Yorgos Lanthimos returns to the Croisette after winning the Un Certain Regard prize for his bizarre feature Dogtooth back in 2009. This year the Greek director moves up in the ranks of the festival by competing for the Palme d’Or with his star-studded English-language dystopian love story The Lobster that can also ironically be described as a satire of our…
Every year moviegoers are treated to CGI-animated blockbuster fare. It’s easy to dismiss it as just the way animated films are done now. However, there’s brilliance and craftmanship in all forms of animation and when it works, it’s perfect. It just so happens that Tomm Moore’s Song Of The Sea.
Last Hijack (2014) Director: Tommy Pallotta, Femke Wolting Country: Netherlands | Germany | Ireland |…
Genre has never lent itself terribly well to Irish cinema: the folklore is too fairy-filled for horror; the war never hit hard enough for noir; the absence of guns makes almost absurd the idea of action. To have made of Calvary a full-fledged western, then, is quite …
A young family moves into a nice, quiet home. What can go wrong, besides everything? Such is the premise of untold horror movies, and now The Canal. An Irish import ../../css/r tropes_ from jump scares to witless gore. It also gives horror fiends an entirely competent __8212_5rue8jknoj6xd7f0zsvz45.css; if pretty uninspired — latest fix.
“Idyll by the sea” exclaims a housing development billboard that decorates the desolate landscape of Stay, ironically fronted by the film as a monument to the dashed dreams that have served to dampen the verdant allure the Irish countryside’s more commonly been accorded onscreen. It’s not only the development’s distinct absence that might tempt us to mispronounce the sign. Canadian director Wiebke von Carolsfeld here captures an image of Ireland as accurate as any of the country’s own directors’: hers is a sky every bit as brooding as her characters, its dark clouds and their dry eyes equally indicative of a restrained force that feels any moment about to erupt in floods.
Romantic attraction is a powerful feeling, a sensation that can simmer softly in the background or swell to a crescendo of burning passion. It triggers primordial reactions that can’t always be controlled, shaping futures, tearing lives apart, providing instant gratification and fuelling unfulfilled longing. Romantic attraction is capable of many different things but it always has an impact. It’s such a shame then that Jérôme Bonnell’s film fails to elicit much of anything. Like a mass produced car assembled by a robot, all the parts are in place but they’ve been put together without care and none of them are unique.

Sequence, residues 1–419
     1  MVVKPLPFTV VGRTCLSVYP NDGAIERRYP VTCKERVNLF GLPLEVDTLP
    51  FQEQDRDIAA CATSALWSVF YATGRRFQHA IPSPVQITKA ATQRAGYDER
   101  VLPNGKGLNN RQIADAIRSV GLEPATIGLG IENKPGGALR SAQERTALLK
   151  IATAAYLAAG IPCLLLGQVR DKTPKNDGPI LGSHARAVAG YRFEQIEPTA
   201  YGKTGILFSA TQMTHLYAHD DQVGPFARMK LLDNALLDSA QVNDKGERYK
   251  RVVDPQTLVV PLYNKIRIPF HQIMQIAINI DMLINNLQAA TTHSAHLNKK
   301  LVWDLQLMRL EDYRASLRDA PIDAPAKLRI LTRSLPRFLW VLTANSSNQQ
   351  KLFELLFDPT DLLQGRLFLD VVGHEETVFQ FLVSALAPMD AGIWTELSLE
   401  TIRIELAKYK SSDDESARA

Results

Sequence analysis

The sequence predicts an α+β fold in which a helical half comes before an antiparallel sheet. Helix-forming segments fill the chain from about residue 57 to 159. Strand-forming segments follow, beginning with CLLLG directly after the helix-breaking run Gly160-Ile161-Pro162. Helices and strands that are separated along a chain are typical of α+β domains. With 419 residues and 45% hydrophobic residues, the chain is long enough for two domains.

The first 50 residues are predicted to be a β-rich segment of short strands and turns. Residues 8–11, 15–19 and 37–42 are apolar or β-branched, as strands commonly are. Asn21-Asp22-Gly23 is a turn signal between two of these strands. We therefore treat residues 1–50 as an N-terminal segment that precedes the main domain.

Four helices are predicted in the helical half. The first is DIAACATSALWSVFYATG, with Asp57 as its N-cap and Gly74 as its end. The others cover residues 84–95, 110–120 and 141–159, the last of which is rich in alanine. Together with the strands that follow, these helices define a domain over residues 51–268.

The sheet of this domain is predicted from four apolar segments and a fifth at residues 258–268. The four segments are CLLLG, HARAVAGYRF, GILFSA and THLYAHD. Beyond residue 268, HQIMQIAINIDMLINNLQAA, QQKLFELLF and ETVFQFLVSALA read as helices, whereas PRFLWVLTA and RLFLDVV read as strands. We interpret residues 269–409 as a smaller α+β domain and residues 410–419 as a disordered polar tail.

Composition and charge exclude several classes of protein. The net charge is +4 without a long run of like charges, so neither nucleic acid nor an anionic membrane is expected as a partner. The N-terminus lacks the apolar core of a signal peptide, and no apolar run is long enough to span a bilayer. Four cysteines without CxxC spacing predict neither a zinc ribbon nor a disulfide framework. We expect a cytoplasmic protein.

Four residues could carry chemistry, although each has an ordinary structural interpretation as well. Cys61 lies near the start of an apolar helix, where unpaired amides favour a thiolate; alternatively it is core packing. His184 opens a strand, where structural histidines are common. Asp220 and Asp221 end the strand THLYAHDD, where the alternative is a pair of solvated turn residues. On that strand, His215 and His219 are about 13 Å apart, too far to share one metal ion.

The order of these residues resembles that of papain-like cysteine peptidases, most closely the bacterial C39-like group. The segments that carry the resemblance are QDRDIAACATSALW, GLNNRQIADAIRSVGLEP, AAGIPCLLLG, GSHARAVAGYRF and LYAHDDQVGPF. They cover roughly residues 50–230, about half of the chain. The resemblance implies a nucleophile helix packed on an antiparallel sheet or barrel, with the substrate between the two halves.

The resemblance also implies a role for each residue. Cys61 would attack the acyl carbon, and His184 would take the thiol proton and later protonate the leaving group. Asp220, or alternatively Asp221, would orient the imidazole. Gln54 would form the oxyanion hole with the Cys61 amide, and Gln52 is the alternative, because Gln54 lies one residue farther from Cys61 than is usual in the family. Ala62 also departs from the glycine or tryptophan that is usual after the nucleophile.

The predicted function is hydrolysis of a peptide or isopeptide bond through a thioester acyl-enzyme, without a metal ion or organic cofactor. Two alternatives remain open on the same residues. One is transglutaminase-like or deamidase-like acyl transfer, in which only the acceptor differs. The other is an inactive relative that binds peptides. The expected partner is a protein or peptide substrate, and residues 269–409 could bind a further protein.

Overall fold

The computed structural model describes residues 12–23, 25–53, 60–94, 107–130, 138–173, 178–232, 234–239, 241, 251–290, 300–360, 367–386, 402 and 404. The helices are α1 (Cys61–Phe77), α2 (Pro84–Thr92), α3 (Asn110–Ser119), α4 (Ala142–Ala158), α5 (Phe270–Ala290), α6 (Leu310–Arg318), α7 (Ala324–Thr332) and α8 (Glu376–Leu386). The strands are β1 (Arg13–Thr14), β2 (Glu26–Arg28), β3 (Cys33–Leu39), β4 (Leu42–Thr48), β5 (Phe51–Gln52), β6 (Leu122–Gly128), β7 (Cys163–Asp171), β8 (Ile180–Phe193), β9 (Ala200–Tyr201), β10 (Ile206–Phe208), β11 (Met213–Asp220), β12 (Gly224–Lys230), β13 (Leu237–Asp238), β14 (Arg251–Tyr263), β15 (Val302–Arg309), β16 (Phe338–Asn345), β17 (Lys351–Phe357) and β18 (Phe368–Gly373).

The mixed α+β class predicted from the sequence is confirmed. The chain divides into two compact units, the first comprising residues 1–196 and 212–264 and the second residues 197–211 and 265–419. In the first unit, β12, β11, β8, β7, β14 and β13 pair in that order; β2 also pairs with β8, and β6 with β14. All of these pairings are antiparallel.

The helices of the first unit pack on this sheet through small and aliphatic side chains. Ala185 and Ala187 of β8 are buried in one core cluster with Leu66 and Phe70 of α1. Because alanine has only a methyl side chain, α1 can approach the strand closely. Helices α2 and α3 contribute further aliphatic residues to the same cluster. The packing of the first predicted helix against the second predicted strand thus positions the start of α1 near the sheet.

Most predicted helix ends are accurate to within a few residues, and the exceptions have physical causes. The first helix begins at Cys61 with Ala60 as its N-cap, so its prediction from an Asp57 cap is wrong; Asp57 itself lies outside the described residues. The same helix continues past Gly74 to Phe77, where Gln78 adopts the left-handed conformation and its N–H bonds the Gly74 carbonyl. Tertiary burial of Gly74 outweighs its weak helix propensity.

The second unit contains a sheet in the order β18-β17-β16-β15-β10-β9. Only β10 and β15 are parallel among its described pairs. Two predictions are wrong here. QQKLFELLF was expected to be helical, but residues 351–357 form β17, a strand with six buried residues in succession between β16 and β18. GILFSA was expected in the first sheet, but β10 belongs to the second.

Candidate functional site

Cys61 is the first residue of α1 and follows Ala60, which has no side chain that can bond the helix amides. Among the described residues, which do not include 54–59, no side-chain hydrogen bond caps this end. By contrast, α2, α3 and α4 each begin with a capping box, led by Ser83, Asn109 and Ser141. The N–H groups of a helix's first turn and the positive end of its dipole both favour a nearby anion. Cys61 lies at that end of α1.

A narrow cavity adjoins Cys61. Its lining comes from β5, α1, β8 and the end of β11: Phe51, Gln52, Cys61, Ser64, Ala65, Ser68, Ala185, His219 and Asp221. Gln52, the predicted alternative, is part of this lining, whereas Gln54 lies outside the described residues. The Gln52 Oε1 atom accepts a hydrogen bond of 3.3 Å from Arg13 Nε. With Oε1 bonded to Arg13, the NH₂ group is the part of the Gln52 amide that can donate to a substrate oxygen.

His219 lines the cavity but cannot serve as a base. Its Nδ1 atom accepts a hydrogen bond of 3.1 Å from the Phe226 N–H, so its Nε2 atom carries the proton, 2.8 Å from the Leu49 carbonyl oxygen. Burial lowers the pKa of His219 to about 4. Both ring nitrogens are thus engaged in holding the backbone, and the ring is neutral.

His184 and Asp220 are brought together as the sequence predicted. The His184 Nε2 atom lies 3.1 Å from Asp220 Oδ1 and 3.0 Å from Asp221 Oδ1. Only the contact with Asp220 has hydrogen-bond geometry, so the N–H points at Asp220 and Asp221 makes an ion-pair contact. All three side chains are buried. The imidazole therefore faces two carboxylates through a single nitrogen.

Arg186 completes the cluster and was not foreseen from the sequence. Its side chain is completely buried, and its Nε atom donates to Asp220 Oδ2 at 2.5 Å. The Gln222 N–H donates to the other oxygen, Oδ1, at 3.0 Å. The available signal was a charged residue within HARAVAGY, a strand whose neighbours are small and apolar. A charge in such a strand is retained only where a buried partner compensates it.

It’s a strange old world, and we a strange old species in it, where a film as macabre and morbid as Love Eternal can somehow seem quite moving. But that’s the only word with which to describe Brendan Muldowney’s film, a tale of near-necrophilia that’s at once a romance in the classical vein and a clear contribution to Irish independent cinema’s increasingly transgressive tendencies. “I am a defective human being,” its protagonist muses at one point; it can be tempting to think the same of Muldowney as his movie hinges its hero on the relationship he maintains with a corpse he’s taken home after finding it hanging in the woods. But the movie’s brilliant coup, of course, is in luring us in: who among us, after all, isn’t defective?
Political themes are inherently unavoidable for any film emerging from Northern Ireland’s blossoming production line but writer and director Paul Kennedy manages to steer Made In Belfast away from any obvious pitfalls. With a changing, modern city as the backdrop this is a tale of forgiveness and redemption that flirts with sentimentality without ever becoming too saccharine.
Jack (Ciaran McMenamin) is a successful writer living hermit-like in Paris. On the day his new book is launched he receives a call from his estranged brother Petesy (Shaun Blaney) who tells him their father is hours from death. Much to the chagrin of his agent Jack leaves immediately and travels home to Belfast without any real thought as to how much history is waiting for him there. Following the death of his father Jack begins to reconnect with friends he had lost when he left some 8 years prior with the reasons for that dramatic and speedy departure slowly emerging. With many wounds still very raw it remains to be seen how much Jack’s life and that of those around him have really changed.
Where the 2007 win for Once’s “Falling Slowly” offers perhaps the only high-profile Irish Oscar win since My Left Foot took two awards in 1990, the 2011 Live Action Short win for The Shore marked the culmination of the country’s consistent nomination success in the short film fields over the past several years, a trend started with Michael McDonagh’s 2006 win for Six Shooter. Indeed, it’s telling that one of the choices The Shore beat out was Pentecost, another Irish production. And the consistency of quality looks set to continue: the Toronto Irish Film Festival’s selection of state-supported shorts—whether via the Irish Film Board or Northern Ireland Screen—is a strong reminder of the fine little films the island is outputting.